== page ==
And now for Carrie’s new book: In the Present Tense:
Miles Lawson goes to sleep dreaming of a future with his boyfriend Adam, but wakes to find he is married to Ana, an acquaintance from high school. When he learns he has been time traveling, Miles is consumed with finding a cure for his rare condition—and finding his first love. But will he be able to convince Adam he is telling the truth before it’s too late?
Miles sat there and tried to make out shapes and colors in the dark room as he searched his brain for a memory of anything.
Nothing looked familiar. His desk, his drum set, the sheets—all gone. Not one thing looked the way it had when he’d fallen asleep, and Ana certainly hadn’t been in his bed.
He tried to replay the previous day’s events, but everything seemed fuzzy, like a fogged bathroom mirror that he couldn’t wipe clean.
Why was everything so fuzzy?
Last night… What happened last night?
Adam had come over and they were watching TV together, and Adam had given him a small stuffed giraffe because Miles was scared about having surgery. He reached for his left arm, expecting to find the cast that had been there for the last two months, but it wasn’t there. His heart began to beat so loudly he glanced over at Ana to make sure she was still asleep.
Unable to determine what had happened to his cast, Miles resumed his tally of the previous evening’s chain of events. At around ten-thirty, his mom said Adam had to leave because they had to get up early to go to the hospital. He had taken his pain meds and gone to sleep with the phantom of Adam’s goodnight kiss on his cheek. He’d been happy.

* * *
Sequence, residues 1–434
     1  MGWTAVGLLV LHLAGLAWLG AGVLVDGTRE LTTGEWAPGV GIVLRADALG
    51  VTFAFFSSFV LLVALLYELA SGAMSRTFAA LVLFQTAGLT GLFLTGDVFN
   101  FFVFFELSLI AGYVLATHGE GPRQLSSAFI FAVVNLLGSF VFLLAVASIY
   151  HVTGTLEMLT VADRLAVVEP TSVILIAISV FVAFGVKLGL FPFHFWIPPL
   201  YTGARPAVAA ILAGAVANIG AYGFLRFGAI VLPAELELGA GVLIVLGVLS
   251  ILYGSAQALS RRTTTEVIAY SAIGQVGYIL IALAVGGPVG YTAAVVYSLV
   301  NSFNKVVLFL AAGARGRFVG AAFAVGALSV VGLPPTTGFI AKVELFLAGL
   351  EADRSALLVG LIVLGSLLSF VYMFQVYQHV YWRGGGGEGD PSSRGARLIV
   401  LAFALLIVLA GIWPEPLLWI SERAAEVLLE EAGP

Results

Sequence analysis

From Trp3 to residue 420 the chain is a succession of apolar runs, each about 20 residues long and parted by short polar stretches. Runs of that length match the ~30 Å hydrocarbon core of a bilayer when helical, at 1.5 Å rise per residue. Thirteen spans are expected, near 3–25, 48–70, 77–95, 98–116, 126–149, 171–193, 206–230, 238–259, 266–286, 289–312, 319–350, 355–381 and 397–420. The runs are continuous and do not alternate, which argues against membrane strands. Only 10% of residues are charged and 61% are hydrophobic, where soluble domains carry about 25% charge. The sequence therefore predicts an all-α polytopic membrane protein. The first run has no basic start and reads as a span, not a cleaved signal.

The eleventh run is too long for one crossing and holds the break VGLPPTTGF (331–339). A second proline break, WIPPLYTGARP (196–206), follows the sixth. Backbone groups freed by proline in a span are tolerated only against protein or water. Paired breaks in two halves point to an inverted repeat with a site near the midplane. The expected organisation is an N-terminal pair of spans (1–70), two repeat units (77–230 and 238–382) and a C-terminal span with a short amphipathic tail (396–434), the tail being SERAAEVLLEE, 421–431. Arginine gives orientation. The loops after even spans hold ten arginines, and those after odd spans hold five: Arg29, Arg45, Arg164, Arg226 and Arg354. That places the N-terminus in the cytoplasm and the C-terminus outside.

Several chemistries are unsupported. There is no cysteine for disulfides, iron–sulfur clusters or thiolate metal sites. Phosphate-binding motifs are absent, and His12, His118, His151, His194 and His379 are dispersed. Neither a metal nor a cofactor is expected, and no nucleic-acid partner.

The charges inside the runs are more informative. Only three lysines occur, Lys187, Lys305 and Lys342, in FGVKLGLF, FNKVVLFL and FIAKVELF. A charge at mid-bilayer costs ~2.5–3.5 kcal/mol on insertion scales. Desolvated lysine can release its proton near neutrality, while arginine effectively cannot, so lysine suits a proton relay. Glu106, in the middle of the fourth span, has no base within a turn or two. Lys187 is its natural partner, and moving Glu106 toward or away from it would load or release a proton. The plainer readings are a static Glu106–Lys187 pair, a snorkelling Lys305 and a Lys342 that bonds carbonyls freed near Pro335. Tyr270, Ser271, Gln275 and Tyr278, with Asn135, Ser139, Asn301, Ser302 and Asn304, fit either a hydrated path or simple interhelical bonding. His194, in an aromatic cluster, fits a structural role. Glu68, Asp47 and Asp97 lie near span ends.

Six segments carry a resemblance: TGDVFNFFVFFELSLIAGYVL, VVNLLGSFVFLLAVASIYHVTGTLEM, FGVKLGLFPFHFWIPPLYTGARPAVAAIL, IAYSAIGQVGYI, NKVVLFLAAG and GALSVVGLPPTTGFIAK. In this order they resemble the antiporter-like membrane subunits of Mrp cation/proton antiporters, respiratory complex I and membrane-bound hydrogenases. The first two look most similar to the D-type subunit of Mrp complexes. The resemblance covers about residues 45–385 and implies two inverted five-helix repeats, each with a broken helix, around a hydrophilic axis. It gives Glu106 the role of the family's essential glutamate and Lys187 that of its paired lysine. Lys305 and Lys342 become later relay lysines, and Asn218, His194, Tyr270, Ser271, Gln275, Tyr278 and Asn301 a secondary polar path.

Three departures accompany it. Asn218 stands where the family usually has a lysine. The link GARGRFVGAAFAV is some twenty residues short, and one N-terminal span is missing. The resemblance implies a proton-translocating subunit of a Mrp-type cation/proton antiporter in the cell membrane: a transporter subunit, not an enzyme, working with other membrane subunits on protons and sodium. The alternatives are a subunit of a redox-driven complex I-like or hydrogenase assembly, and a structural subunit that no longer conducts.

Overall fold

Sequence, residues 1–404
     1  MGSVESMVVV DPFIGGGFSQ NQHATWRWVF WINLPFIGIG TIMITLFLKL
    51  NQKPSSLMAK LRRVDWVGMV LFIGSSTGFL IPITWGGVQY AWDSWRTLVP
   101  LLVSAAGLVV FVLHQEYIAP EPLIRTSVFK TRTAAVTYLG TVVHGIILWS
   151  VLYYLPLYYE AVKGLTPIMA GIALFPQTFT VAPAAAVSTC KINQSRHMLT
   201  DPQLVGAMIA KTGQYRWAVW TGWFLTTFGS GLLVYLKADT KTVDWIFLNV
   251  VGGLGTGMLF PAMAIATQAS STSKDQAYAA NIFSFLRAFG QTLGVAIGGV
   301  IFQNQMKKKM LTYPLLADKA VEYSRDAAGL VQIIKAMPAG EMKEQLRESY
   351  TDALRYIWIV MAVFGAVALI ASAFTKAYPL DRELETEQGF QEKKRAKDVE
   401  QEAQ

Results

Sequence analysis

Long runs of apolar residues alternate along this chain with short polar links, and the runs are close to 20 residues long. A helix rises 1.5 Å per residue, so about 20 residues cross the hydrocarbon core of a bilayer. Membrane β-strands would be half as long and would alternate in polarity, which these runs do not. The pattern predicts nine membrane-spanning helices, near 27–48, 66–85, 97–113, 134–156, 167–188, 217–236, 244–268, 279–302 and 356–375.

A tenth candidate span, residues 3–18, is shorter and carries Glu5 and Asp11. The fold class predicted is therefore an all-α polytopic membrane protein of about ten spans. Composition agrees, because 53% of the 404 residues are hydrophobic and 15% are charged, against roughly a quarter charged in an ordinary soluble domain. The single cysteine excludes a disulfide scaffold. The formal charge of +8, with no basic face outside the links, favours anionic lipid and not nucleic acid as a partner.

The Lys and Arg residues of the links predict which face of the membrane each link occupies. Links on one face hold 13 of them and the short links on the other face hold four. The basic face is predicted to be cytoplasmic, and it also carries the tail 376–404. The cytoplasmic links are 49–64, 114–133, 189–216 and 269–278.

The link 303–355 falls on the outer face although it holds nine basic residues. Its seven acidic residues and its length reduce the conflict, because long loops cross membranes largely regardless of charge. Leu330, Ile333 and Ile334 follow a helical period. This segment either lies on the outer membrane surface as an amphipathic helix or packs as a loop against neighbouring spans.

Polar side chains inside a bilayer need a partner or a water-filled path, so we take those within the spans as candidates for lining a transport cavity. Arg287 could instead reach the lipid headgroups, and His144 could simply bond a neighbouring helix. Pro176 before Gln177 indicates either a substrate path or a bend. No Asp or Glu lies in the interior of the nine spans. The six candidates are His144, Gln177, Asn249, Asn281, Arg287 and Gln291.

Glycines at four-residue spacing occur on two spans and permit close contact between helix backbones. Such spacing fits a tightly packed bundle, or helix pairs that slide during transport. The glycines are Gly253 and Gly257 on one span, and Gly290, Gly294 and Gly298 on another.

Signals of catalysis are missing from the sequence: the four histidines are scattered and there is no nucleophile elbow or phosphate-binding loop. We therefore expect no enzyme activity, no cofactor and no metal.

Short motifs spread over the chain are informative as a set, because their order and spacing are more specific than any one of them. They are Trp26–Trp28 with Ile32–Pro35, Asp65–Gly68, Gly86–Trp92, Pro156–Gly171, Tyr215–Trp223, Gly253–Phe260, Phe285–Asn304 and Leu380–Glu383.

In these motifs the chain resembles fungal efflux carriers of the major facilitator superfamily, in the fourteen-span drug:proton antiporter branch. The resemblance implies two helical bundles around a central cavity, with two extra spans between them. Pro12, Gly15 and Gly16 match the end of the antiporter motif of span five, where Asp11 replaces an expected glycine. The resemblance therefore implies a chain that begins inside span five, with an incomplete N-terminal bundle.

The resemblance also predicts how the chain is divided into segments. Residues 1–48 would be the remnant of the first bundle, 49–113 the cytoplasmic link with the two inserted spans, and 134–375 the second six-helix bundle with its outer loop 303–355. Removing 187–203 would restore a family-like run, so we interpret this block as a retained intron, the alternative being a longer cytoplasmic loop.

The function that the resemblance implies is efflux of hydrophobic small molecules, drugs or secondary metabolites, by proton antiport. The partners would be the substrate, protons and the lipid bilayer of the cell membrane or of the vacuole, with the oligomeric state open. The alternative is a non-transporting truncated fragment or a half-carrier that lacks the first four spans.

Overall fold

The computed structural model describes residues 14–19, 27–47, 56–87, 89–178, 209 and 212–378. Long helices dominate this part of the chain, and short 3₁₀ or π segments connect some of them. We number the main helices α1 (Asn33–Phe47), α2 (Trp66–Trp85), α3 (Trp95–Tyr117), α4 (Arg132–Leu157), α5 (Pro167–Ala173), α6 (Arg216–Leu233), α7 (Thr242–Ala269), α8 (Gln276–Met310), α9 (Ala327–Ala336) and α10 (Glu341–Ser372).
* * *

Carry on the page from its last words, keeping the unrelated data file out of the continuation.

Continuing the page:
He’d gotten a text from Ana earlier in the evening, but she was only wishing him luck with the surgery. She hadn’t come over. In fact, as far as Miles knew, Ana had been several hours away in her dorm room.
So how had she gotten into his bedroom? And who had changed his sheets?
He threw off the covers and stood up, noticing he was only wearing a tight-fitting pair of boxer briefs instead of his usual basketball shorts.
He looked around the room for anything familiar, but it was still dark out, and all he could see were shadows and vague shapes. On the dresser opposite the bed, he found a few framed photos. Squinting to see without turning on a light, Miles studied the images carefully.
As his eyes focused, he recognized a couple of the photos. One was from last year’s prom: Adam wearing that ridiculous corsage Miles had bought him, Ana being dipped by her date, David, as all four of them smiled widely in front of a cheesy faux tropical scene. One of the frames held a collage of photos of his and Ana’s friends. He recognized Adam, Lucky, Antonio, Dahlia and Brienne. But the last one, the largest of all the photos, was of him and Ana—her in a flowing white dress and him in a black suit, both wearing broad smiles and flanked by Miles’s parents and a woman Miles had only seen once: Julia Espinosa, Ana’s mother.
A loud clatter echoed through the bedroom as the frame hit the edge of the dresser and fell to the hardwood floor. This wasn’t his room, and he didn’t remember that photo being taken.
“Go back to sleep,” Ana mumbled, her voice muffled by the pillow.
“Ana,” he whispered, risking her full anger, but unable to stop himself, “we’re married.”
“Thanks for the update. Now go back to sleep before I divorce your dumb ass.”
He dropped to the floor on his knees, barely even noticing the sharp pain of bare skin hitting the hard surface.
Married. To Ana?
What the hell had happened?
Carrie is the author of two novels—Designs On You and In the Present Tense—and a part-time college professor. She recently left her job in marketing to actively pursue her writing career. Her early career focused on advertising, journalism, and public relations while she also did freelance writing for businesses in the nonprofit sector. Carrie lives in Florida, which she fondly calls America’s Wang, with her husband and four cats.